What happens when you and your partner have different approaches toward money?
It's a common scenario. One is the spender, one is the saver.
One person seemingly knows where every earned dollar goes, while the other is a carefree spirit who thrives on spontaneous decisions and purchases.
The other one loves fine dining and thinks nothing of splurging $200 on haute cuisine, while the other is happy with pizza and would rather spend that money on their work wardrobe. And on it goes.
Money is personal. We all have our own ideas of how we think about it, spend it, save it and try to earn it. But, when you're sharing so much of your life with another person, it's inevitable that your individual approaches toward money will sometimes clash.
How do you bring up this loaded topic without it spiraling into a heated argument?
1. Make a Date
Make it a time when you both can completely focus on the topic without distractions. Let them know you'd like to talk about money and, together, choose a time and place that works for both of you.
2. Gather Your thoughts
There's no need to rehearse what you want to say, but it is important to prepare a mental list of topics you'd like to discuss. Include the basics, like budgeting, saving and sharing living expenses, along with any specific issues that are bothering you or that you'd like to change.
3. Visualize Your Goals
Don't jumpstart the discussion with accusatory statements like: "Do you realize you bought seven pairs of shoes this month?" or even, "I think we should stop eating out so often."
Talking about future goals will set a positive tone for your conversation before you get into the nitty-gritty details. Making plans for vacations, a new home, even retirement can put everyone in a good motivational mood!
4. Attach Cash Value to Those Goals
Now that you've shared your goals and dreams, you can start talking numbers. How much would it really cost to spend a one month vacation in Europe? How much would we need to save for that dream house in our desired neighborhood? How much will we need in our 401(k) accounts to retire comfortably, while living in our oceanfront condo?
5. Make a Game Plan
You've got your numbers; now work out the plan!
Together with your partner, create a reasonable savings plan that will help you reach your shared goal. If you're saving for a vacation, to buy a new house or any other dream, work out how much money you'd need to put away each month, and how long it would take to reach your goal.
6. Build a Budget
You're ready to turn that dream into a reality. But first, you both may need to trim some of the spending. Here's where you can gently discuss specific ways to cut back. Don't point fingers; give your partner the chance to admit to their own shortcomings and be honest about your own vices.
Together, work out a monthly budget that accounts for all of your expenses and your new savings goal.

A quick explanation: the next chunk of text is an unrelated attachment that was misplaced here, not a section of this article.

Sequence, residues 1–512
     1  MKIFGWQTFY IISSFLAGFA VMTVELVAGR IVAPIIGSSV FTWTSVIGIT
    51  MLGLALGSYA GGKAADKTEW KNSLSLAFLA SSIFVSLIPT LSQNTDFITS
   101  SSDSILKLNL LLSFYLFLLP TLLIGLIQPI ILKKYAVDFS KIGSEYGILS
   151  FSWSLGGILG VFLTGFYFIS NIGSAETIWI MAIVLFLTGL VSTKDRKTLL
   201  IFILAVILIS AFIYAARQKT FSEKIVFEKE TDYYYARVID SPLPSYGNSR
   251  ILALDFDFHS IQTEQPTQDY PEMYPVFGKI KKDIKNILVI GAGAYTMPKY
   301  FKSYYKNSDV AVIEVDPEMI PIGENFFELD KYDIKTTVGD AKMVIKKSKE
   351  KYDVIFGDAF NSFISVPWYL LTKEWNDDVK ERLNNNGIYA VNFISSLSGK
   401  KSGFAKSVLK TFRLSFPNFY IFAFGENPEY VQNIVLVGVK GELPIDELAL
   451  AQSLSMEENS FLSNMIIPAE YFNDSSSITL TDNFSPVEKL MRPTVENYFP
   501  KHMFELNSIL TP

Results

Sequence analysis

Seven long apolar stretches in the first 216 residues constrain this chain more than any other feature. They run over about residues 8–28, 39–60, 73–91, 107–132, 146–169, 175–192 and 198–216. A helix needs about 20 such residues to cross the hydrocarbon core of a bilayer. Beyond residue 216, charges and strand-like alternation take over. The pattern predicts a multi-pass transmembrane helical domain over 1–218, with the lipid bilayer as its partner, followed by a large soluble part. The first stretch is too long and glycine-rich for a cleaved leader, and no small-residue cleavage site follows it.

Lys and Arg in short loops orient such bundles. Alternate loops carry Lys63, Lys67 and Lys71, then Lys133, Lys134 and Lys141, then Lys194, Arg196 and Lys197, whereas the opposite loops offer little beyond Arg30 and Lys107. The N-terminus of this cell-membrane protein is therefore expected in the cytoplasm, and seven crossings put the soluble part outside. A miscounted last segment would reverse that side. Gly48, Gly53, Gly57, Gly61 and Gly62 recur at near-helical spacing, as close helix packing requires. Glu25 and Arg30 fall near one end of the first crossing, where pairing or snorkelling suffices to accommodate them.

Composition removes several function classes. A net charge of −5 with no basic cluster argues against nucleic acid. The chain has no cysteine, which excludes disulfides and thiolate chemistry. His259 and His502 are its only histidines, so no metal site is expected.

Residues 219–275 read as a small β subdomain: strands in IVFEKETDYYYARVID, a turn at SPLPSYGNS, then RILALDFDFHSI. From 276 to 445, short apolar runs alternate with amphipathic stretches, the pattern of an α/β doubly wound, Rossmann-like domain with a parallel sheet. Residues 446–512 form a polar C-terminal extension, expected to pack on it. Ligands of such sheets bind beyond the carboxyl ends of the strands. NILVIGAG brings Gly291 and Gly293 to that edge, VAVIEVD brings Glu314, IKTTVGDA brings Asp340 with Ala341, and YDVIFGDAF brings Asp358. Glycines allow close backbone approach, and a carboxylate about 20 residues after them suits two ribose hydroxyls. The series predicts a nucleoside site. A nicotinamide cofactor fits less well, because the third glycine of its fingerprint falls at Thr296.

If you want to create a detailed budget, now's a good time to get started. You'll need to begin tracking all your expenses for the next three months so you have a clear idea of your expenditures and income.
You can easily create a budget using a personal finance app or just do it the old fashioned way, using a pen and a paper. Your online banking account with Genisys has a nice budgeting tool built in as well.
Having a clear idea of where your money is going will make you a disciplined spender and a bigger saver. Determine things that you can or should not spend money on and commit to cutting them out.
7. Discuss Money Management
If you aren't already sharing some expenses, now's the time to bring it up. There are no hard rules here; every couple has their own system. But, if you're living together, it makes sense to split some basic costs, like rent and food supplies. You may want to go 50/50 on this or make another arrangement that better suits your individual incomes.
Consider linking one of your accounts or opening a shared account at Genisys. We've got our new Genius Checking and a great Savings Products to suit every preference.
However you choose to manage your joint finances, be sure to keep at least one credit card open in your own name. It's important to establish your own credit history independent of your partner's. Otherwise, qualifying for later loans can be challenging due to a limited personal credit history.
8. Work with Each Other’s Strengths
When dividing financial responsibilities, assign appropriate tasks that play to each partner's strengths. Is your partner a stickler for dates and deadlines? Have them assume responsibility for paying the bills on time.
Are you a numbers freak? You might want to be in charge of managing your joint investments.
Is your partner the savvy and thrifty shopper? Let them do the grocery shopping while you split the costs.
However you divide up the tasks, it’s important to routinely review what each of you are doing together. Avoid leaving each other unprepared and in the dark about your financial situation.
Congrats! You've made it through the big money talk without any major fireworks! Now go and make those dreams happen!
© Genisys Credit Union and www.genisyscu.org, 2018. Unauthorized use and/or duplication of this material without express and written permission from this site’s author and/or owner is strictly prohibited. Excerpts and links may be used, provided that full and clear credit is given to Genisys Credit Union and www.genisyscu.org with appropriate and specific direction to the original content